SINGAPORE (Reuters) - U.S.-based software startup WhatsApp, the fast-growing mobile messaging service, denies it’s a threat to telephone carriers and the cash they earn from SMS messages.
Instead, its co-founder, Brian Acton, said in a rare interview that WhatsApp was helping carriers move their customers to data packages that would, in the long term, prove more profitable.
“I view it from the perspective that we’re facilitating a broad movement to data plans and the entities that provide those plans are the carriers, so they stand to benefit quite substantially,” he said. “It’s all about the data.”
WhatsApp is the most successful of a number of applications that users can download to their mobile phones to share messages, photos and videos.
The applications are popular because while many carriers charge for individual text, or SMS messages, WhatsApp messages travel via carriers’ generous or unlimited data plans.
According to Internet traffic monitor Allot Communications Ltd, WhatsApp accounted for 18 percent of instant messaging bandwidth in the second half of 2011, up from 3 percent in the first half.
There is little question that the growth in applications like WhatsApp is lowering SMS traffic. Stefan Zehle, CEO of UK-based Coleago Consulting, wrote in a blog post in January that mobile operators in Taiwan reported a 12 percent decline in SMS messages in 2011, a drop he attributed directly to users switching to WhatsApp.
The impact on the bottom-line is stark: Ovum, a technology research consultancy, calculated in a report released in February that operators lost $13.9 billion in SMS revenue last year.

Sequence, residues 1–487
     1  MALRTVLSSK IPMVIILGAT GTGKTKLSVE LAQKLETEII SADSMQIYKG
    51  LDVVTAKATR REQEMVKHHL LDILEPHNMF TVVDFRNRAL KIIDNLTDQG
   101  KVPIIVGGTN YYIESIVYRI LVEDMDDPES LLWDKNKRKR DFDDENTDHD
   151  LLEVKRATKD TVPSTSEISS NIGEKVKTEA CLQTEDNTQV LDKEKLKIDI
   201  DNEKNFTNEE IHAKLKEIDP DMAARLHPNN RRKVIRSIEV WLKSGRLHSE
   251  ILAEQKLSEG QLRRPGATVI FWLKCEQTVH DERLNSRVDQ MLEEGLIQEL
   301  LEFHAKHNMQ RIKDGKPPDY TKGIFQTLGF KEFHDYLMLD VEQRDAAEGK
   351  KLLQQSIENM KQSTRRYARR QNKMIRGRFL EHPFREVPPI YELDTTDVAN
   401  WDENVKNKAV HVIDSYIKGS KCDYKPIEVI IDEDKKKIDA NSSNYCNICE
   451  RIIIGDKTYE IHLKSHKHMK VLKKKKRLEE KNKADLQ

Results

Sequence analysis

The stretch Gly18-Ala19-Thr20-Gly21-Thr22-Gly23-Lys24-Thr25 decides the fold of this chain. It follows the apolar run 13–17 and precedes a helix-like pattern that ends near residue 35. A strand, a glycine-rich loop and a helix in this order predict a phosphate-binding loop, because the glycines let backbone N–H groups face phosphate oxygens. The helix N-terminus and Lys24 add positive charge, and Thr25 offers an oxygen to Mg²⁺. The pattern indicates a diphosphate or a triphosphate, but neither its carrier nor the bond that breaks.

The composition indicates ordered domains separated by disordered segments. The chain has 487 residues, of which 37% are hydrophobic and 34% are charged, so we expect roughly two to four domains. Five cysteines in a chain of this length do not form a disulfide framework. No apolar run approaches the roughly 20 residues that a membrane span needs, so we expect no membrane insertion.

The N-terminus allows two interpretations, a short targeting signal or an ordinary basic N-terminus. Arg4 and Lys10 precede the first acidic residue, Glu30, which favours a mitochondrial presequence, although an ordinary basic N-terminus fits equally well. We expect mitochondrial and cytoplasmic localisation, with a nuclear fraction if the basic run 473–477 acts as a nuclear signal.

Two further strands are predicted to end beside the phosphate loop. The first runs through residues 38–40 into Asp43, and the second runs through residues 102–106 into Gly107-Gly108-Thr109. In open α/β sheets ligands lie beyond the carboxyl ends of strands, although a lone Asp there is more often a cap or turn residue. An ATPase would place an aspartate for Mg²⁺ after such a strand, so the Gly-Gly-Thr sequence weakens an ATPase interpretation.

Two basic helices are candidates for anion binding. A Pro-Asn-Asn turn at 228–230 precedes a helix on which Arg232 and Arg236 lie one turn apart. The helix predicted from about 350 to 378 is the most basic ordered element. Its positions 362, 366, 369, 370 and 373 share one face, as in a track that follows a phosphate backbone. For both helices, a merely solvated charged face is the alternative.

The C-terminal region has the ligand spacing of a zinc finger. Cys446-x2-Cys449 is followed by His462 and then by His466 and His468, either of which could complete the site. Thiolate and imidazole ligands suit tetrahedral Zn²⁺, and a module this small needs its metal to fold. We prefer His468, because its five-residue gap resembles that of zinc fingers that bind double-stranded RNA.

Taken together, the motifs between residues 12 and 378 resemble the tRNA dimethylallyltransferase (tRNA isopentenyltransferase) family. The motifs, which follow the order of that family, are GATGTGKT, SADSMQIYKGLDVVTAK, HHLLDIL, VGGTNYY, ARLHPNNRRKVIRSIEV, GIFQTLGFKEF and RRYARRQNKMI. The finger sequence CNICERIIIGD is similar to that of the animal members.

WhatsApp doesn’t give out much in the way of data. Acton repeated two figures he said demonstrated its stellar rise: WhatsApp handled 1 billion messages a day last October, two years after its launch as a messaging service. Four months later it had reached 2 billion messages a day.
He said that while he was “happy with all countries of the world,” growth had been particularly strong in the Netherlands and Spain in Europe, Saudi Arabia and Kuwait in the Middle East and Hong Kong, Taiwan and Singapore in Asia.
WhatsApp is keen to emphasize that’s it more than a way to send SMS messages cheaply.
“It’s more about the service we provide, including photos and multimedia,” said Julia French, WhatsApp’s public relations representative.
Acton also emphasized that WhatsApp was available on most mobile operating systems, including not only BlackBerry, Android and iPhone smartphones, but devices running the Symbian 60 software that powers many Nokia phones.
More recently WhatsApp has added applications for Microsoft Windows 7 phones and even the earlier 13-year old S40 Symbian platform, Acton said. More than 60 percent of Indonesian phones run a version of Symbian, according to Internet measurement website StatCounter.
By aiming at all devices, whether higher-end smartphones or more basic feature phones, WhatsApp offers more than a service like RIM’s BlackBerry Messaging, which only works on RIM’s own phones, or software, which only works on more expensive devices.
WhatsApp, Acton says, has “created a very accessible network in all countries of the world.”
By reaching such a broad swathe of users, WhatsApp is forcing operators to adapt. This is particularly the case in Southeast Asia where SMS has been popular, and hugely lucrative, and where users are price sensitive, says Mar Pages, Singapore-based principal at telecoms consultancy Delta Partners.
“Managing the transition away from high-margin products like SMS is a top priority for most of the mobile operators in the region as part of the wider effort to monetize the data opportunity,” she said.
Unusually for startups, WhatsApp does not rely on advertising. Instead it charges users for the application after the first year of use. Acton said the company had recently reduced the cost of the app on all platforms except for Apple’s iOS from $2 to $1. The company has been profitable year on year from late 2009, he said, declining to give further details.
Reporting By Jeremy Wagstaff; Editing by Matt Driskill